ST. LOUIS, Mo. -- The left wrist was pale, swollen and puffy, although "puffy" might be selling it a bit short. It looked like somebody had tried to jam one of those little chocolate doughnuts down Ethan Wragge's forearm.
"I couldn't move it six inches (Saturday)," Wragge, Creighton's 6-foot-7 sixth man and 3-point specialist, explained after helping his Bluejays outlast Wichita State, 68-65, to cinch a second straight Missouri Valley Conference Tournament Championship. "So the Indiana State game (Saturday) was kind of just 'survive and (advance).' (In the finals), it felt a lot better. I was able to get my hand up there on my shot."
Even with a wounded wing, Wragge netted 15 points on five treys, four in the first half, almost every one a back-breaker to the Shockers.
Although the release on each of those bad boys also stung the Jays forward like the Dickens. It's like your mom used to say: This is going to hurt me a lot more than it hurts you, kiddo.
"But it's Sunday. It's Arch Madness," offered Wragge, who was 5-for-9 from beyond the arc Sunday and 6-for-12 for the tourney. "And you've got to find a way to kind of get through that."
The Eden Prairie, Minn., native had landed wrong during a fall in Friday's quarterfinal win over Drake. He'd been using a combination of blue athletic tape and creams to soldier through the rest of the weekend. Good thing, too: When Wragge hits at least three treys in a game this season, the Jays are 13-0. When he's right, the kid puts the "stretch" in what coaches like to call a "stretch four" -- a big man with a little man's range.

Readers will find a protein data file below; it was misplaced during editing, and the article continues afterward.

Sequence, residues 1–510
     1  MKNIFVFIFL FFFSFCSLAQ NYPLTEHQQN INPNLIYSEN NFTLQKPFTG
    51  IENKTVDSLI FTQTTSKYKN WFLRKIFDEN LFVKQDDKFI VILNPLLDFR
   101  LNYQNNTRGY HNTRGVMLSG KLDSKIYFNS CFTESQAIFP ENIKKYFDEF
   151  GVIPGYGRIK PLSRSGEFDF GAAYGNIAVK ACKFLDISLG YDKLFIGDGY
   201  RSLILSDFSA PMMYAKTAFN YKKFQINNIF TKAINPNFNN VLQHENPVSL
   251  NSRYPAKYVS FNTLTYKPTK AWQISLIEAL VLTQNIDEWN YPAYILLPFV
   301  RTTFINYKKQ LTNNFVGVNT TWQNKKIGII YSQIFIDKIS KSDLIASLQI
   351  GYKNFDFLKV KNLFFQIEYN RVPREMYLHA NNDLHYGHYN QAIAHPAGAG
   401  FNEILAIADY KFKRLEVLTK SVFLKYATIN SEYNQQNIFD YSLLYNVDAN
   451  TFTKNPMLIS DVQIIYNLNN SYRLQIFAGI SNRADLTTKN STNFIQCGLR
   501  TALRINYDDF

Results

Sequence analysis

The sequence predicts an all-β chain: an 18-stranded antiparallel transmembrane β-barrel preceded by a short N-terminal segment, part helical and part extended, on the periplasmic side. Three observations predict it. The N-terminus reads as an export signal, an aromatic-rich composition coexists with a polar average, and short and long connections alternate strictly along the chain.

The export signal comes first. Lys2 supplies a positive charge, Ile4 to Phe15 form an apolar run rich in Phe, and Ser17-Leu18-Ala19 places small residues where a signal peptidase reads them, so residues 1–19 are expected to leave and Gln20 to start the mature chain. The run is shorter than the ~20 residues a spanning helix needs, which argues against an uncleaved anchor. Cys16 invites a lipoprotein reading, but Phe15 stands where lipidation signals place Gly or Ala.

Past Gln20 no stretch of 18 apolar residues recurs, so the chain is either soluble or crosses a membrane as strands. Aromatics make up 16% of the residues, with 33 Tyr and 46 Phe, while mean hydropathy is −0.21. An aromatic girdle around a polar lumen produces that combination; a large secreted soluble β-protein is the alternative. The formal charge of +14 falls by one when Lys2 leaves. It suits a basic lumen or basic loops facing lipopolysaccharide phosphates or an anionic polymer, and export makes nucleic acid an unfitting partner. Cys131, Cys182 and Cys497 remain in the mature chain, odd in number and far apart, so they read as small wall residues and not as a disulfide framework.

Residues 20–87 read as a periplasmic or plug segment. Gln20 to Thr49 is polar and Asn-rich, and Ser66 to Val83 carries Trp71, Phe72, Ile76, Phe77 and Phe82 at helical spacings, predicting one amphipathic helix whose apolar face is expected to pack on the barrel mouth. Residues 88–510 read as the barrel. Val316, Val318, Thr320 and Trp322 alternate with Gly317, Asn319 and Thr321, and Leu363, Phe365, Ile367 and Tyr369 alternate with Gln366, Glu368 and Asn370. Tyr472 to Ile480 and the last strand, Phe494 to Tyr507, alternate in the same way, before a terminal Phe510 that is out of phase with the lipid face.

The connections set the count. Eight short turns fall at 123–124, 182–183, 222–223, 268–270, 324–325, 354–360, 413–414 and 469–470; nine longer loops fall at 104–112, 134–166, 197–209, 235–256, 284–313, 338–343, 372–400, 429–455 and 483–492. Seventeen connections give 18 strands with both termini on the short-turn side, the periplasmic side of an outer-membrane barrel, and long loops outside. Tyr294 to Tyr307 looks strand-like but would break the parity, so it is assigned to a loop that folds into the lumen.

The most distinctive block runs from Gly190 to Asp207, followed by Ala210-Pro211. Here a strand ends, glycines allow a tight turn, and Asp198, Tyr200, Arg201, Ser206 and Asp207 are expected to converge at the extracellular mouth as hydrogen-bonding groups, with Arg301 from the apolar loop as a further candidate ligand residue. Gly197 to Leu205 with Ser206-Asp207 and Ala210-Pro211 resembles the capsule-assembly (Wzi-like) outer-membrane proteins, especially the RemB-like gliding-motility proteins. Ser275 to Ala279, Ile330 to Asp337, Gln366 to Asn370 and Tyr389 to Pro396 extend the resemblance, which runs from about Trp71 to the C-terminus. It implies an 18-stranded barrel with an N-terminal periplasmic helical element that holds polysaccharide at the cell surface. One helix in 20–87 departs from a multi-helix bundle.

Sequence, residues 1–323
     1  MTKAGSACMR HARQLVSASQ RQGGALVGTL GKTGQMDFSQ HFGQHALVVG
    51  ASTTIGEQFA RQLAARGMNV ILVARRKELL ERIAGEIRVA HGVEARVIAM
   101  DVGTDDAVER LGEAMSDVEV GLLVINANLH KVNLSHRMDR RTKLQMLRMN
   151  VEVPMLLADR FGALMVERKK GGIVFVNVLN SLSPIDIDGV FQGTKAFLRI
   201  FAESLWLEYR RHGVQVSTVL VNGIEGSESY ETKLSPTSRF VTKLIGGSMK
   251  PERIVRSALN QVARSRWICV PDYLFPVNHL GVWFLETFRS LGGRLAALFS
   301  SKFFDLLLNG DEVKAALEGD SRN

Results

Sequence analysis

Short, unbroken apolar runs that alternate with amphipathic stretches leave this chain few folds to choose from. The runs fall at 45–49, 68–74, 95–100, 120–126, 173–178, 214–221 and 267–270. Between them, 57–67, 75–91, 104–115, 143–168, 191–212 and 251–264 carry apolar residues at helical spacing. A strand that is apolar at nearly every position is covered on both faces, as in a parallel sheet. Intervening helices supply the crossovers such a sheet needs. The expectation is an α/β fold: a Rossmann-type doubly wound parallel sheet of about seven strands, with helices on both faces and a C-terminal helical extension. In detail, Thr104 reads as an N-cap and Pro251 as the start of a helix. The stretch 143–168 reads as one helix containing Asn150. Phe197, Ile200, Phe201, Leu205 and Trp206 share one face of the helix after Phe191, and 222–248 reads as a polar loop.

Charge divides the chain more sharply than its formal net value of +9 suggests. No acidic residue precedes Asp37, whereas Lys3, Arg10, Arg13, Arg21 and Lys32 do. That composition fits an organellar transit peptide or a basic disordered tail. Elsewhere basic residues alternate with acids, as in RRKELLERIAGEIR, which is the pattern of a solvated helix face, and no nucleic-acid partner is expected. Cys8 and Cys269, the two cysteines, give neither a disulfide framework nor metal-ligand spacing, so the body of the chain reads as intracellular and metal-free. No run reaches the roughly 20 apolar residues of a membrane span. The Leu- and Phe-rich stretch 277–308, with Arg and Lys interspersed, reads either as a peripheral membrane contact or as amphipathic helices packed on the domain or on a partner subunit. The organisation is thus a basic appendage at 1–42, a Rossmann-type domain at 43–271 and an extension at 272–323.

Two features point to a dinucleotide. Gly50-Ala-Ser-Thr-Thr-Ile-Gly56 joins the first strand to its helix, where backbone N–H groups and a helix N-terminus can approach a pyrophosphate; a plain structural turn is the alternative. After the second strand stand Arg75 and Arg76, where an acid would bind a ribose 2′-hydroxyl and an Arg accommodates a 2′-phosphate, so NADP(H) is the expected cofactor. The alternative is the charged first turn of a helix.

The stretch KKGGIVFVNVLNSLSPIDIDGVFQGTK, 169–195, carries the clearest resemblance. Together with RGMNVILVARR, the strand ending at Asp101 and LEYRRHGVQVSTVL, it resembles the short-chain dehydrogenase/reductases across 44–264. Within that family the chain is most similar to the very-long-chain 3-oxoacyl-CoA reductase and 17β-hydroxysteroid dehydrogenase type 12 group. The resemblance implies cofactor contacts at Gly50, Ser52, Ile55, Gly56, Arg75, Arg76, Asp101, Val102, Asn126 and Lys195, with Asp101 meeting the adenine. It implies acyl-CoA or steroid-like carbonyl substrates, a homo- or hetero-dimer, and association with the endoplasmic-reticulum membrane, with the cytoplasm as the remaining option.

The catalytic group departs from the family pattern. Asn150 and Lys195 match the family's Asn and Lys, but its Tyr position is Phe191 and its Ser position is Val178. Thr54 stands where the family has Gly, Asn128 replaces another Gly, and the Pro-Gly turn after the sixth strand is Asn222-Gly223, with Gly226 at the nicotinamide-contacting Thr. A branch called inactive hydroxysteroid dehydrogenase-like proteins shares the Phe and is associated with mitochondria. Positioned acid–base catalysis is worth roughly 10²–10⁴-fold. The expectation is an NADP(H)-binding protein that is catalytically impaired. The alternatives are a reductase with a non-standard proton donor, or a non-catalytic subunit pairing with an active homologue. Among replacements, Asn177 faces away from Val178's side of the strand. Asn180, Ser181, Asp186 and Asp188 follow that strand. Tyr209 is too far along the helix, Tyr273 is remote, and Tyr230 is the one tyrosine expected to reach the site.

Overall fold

"Ethan Wragge is kind of like your pressure-relief button," teammate Josh Jones said. "When all else fails, you can look for Ethan to hit a three."
Creighton coach Greg McDermott had said last week that it would take a star turn from someone other than preseason All-American Doug McDermott for the Jays to bring the nets back to Omaha for the eighth time since 1999. It was a prescient comment, too: With the younger McDermott (5-of-13 shooting, 14 points) being harassed or denied by the Wichita defense, the load was carried by Wragge, Grant Gibbs (11 points, seven assists, six rebounds) and Jahenns Manigat (16 points), whose driving layup with 12 seconds left pushed the Creighton lead to three while snapping a 10-0 Wichita scoring run.
"A lot of us get caught watching Doug so much, the way he makes it look so effortless to go out there and score," Wragge said. "But whenever we're able to give him some help, then our team just starts clicking on all cylinders."
To drive home that point, the elder McDermott showed his guys a bracelet he was wearing in honor of Conrad Adam, a teenager in Pierre, S.D., who's a prep teammate of Jays commitment Zach Hanson. Hanson is battling cancer, and recently lost a leg in the fight. On the bracelet, it read: "No one fights alone."
"At times, I think people thought we were a one-man team," the Jays coach continued. "And I think that idea has been put to rest (Sunday)."
What didn't go to rest were the questions, the wondering, the uncertainty of Creighton's future in a conference they've dominated on the men's basketball side of the equation.
The Jays brought a healthy crowd, even by Jays standards -- they're routinely the top fan draw at Scottrade Center -- because, in part, of the smoke signals that this could be the program's final Arch Madness encore. The whispers that Creighton will be invited to join the new basketball-first Big East, that it's a "when" and not an "if," are becoming ever louder.
Which made for a few awkward moments, on several fronts. The elder McDermott, a Valley man who played his college ball at Northern Iowa and won MVC titles with the Panthers and Jays as a coach, has been reluctant to weigh in throughout the weekend. But he did offer this on Sunday:
"If it happens, it will be very bittersweet for me because I love this league, I love the people that run this league, but I also understand the dynamics of college athletics today. And whether that decision's been made or there's an invitation even forthcoming, I don't know."